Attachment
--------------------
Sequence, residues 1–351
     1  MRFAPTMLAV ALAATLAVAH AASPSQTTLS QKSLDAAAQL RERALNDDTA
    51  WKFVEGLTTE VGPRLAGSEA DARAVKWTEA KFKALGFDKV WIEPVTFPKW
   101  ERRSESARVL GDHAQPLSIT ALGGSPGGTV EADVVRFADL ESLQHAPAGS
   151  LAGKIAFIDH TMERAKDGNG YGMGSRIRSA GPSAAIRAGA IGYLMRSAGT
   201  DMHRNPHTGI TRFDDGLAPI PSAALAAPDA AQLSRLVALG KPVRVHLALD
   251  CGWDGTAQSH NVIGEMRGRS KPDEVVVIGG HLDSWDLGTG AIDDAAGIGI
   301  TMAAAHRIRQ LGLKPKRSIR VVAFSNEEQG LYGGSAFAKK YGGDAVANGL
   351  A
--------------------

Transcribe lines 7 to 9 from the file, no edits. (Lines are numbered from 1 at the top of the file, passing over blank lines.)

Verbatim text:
   251  CGWDGTAQSH NVIGEMRGRS KPDEVVVIGG HLDSWDLGTG AIDDAAGIGI
   301  TMAAAHRIRQ LGLKPKRSIR VVAFSNEEQG LYGGSAFAKK YGGDAVANGL
   351  A